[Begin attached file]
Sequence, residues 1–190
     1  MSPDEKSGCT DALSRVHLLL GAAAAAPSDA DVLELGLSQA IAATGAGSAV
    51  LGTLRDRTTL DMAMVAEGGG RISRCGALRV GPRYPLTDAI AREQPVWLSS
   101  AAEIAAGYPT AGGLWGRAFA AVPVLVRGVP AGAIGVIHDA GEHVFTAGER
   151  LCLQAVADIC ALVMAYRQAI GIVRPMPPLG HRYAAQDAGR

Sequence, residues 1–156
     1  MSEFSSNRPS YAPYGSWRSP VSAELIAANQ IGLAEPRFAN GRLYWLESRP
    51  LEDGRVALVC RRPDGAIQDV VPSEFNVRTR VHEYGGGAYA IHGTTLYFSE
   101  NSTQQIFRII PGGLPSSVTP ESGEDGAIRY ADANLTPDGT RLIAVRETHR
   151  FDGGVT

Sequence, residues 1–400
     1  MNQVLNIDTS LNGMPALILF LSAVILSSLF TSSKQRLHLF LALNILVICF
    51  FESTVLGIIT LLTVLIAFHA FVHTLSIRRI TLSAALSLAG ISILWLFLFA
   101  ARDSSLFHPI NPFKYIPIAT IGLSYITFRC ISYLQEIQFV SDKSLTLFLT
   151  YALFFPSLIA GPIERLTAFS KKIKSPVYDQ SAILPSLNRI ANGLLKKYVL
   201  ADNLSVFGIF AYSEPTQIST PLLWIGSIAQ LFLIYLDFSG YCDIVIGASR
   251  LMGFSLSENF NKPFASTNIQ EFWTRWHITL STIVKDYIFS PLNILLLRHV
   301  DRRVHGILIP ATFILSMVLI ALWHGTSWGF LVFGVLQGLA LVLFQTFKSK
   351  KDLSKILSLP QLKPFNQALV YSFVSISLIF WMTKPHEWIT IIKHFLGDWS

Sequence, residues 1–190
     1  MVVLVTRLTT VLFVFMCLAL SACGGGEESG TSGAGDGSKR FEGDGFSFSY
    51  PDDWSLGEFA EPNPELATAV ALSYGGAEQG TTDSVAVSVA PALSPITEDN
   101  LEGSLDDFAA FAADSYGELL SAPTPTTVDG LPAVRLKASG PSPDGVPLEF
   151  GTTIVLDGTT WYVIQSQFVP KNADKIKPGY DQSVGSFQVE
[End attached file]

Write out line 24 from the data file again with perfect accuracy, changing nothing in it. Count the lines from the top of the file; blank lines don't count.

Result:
   151  GTTIVLDGTT WYVIQSQFVP KNADKIKPGY DQSVGSFQVE